Ups and down, call it what you want – it’s been a challenging start to the season. But before we get too far into things, a very exciting announcement: THIS SATURDAY kicks off our market season. We will be at the Douglas Farmers Market from 9-noon with some super fresh organic veggies and plenty of pastured, organically-fed eggs. Hope you can make it! If Grafton is more your style, the Grafton Farmers Market moved to Wednesdays and starts back up 6/29. Same great hours (2-6pm), same great place, and same great vendors, plus a bunch of new ones. Details coming soon.

So it turns out farming is hard. Like, really hard. And not just physically – that part I was prepared for and truly enjoy. There have been a plenitude of literal and expected bumps and bruises, but the those to the ego have been most challenging. I knew it wouldn’t be easy filling Jeff’s boots and striking out on my own, but I sure didn’t know what I was getting myself into. Certainly some of it was my own boneheaded mistakes, incomplete preparation, and taking on far more than I should have in year one. Like not having a working tractor when the first field needed tilled…though she’s purring now thanks to a new friend! Or getting chickens before they had somewhere to hang their hats for the night. Another bump that has been smoothed out!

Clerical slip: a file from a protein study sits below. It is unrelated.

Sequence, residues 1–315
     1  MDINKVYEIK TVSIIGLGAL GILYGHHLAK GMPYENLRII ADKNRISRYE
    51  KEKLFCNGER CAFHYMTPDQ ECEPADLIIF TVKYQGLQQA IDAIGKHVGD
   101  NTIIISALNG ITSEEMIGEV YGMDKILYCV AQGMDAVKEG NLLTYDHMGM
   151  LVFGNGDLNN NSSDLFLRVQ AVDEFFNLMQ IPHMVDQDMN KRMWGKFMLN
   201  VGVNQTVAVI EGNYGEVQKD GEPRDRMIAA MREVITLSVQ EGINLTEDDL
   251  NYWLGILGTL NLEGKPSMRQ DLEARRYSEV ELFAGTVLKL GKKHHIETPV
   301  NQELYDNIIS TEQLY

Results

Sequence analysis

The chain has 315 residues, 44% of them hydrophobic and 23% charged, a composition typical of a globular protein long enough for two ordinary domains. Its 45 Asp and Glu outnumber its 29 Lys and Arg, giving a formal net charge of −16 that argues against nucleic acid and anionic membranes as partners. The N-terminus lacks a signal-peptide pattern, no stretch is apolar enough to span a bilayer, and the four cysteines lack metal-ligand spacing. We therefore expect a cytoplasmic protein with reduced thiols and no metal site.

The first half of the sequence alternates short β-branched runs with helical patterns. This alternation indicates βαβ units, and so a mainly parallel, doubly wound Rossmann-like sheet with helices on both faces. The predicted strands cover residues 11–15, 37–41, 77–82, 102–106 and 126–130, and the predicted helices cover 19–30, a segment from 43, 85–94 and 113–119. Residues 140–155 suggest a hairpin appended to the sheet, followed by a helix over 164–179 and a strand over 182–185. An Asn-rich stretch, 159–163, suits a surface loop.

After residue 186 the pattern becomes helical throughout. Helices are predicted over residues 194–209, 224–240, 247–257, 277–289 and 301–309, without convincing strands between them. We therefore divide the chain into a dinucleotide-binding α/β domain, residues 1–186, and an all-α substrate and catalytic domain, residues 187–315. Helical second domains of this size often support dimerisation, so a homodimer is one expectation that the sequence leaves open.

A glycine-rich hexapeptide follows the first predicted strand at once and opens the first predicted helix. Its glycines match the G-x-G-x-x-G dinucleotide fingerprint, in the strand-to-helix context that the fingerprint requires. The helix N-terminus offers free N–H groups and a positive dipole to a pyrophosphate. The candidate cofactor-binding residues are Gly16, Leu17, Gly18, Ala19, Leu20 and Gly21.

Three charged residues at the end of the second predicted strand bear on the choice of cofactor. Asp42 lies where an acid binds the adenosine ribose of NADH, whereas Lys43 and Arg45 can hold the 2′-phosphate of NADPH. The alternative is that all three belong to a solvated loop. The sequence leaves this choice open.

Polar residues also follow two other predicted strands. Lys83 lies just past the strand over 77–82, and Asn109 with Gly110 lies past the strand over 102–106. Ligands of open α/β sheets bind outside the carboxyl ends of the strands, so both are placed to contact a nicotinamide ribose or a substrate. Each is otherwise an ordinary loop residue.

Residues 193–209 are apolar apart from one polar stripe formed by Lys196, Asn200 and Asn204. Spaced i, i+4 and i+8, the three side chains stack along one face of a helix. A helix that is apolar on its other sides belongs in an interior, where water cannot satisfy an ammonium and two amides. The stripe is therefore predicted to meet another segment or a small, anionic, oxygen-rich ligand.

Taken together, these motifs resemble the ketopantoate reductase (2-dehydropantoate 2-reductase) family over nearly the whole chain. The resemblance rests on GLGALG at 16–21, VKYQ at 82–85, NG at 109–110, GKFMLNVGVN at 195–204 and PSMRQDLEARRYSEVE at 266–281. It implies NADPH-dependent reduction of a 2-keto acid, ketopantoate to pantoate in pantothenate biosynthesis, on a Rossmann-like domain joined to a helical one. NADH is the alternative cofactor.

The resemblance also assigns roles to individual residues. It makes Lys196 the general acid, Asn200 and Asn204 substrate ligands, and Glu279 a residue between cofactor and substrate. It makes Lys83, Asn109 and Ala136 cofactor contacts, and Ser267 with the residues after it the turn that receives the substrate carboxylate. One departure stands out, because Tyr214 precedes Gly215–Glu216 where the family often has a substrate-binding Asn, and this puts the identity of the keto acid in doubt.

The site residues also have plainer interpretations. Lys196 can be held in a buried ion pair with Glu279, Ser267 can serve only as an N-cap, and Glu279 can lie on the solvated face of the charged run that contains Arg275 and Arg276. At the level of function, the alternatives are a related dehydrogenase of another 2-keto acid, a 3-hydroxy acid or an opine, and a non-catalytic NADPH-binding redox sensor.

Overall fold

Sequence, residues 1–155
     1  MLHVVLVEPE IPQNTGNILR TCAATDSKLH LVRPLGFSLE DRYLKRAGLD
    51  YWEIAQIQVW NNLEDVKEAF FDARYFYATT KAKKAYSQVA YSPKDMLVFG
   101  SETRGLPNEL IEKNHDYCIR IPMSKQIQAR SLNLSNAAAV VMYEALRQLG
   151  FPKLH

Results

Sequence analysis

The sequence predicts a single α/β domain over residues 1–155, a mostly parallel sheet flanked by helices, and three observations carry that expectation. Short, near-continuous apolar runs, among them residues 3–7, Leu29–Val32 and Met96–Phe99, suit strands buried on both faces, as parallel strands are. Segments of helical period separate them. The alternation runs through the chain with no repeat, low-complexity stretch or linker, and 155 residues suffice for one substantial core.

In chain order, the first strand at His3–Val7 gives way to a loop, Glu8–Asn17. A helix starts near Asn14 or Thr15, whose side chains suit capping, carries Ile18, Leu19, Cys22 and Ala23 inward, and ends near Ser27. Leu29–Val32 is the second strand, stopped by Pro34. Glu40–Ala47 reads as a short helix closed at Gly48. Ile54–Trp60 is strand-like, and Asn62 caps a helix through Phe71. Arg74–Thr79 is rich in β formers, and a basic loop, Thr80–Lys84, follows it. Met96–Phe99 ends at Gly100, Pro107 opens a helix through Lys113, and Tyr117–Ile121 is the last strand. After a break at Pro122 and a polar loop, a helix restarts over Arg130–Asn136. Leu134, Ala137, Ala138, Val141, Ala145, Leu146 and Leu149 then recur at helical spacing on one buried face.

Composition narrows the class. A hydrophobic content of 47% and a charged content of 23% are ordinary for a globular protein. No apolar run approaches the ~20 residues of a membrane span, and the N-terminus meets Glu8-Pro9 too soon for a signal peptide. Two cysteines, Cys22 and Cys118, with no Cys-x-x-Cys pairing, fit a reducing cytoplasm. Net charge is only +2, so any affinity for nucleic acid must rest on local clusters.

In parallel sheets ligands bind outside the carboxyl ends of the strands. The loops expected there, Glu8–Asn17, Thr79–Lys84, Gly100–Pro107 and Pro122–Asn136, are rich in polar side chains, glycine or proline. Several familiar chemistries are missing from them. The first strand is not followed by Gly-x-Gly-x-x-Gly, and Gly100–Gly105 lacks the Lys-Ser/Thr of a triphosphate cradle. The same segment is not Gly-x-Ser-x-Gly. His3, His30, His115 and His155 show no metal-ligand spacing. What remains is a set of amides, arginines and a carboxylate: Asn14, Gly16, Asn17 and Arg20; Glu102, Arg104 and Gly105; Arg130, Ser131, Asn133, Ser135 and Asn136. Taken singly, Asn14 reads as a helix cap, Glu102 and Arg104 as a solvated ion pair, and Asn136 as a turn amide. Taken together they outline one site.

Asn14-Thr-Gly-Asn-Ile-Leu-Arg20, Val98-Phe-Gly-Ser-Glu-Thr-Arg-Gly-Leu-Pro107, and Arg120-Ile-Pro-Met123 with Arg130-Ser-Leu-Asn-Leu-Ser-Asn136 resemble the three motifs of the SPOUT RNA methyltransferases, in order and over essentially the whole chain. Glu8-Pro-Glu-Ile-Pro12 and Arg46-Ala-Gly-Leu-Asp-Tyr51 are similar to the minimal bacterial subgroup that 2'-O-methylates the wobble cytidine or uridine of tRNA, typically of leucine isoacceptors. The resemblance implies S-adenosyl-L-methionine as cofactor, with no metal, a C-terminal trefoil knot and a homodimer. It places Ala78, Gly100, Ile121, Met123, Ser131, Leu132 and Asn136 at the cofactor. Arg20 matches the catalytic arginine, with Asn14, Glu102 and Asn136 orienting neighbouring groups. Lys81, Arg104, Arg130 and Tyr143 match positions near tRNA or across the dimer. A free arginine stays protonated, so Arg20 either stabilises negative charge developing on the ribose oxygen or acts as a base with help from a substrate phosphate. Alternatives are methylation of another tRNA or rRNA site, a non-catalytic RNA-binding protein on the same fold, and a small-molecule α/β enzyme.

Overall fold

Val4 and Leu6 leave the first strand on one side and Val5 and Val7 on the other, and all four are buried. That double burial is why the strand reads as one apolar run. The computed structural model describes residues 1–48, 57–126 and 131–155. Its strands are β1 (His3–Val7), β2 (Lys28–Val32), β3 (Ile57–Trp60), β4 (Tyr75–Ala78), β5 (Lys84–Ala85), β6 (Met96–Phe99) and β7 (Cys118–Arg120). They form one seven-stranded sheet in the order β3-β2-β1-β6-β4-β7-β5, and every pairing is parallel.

I wrote this in my head ( a black hole most things never get out of) about a week ago, and my optimistic ending was going to be ‘at least nothing has died yet’. And that’s still 100% true, at the moment. Hopefully he continues to make small improvements, but one of my beloved belties is circling the drain (pictured below in happier times).

Beltie

Pastured cattle don’t get sick – if they do, it’s because of a nail or other piece of metal some careless farmer left in the pasture long ago. The same stumped Tufts veterinarian who told me that had no explanation for the blistering 107.2 degree fever this poor guy had (they’re dead at 108, normal is 101.5). Listless and disoriented, we were both amazed he was still eating with such a high fever.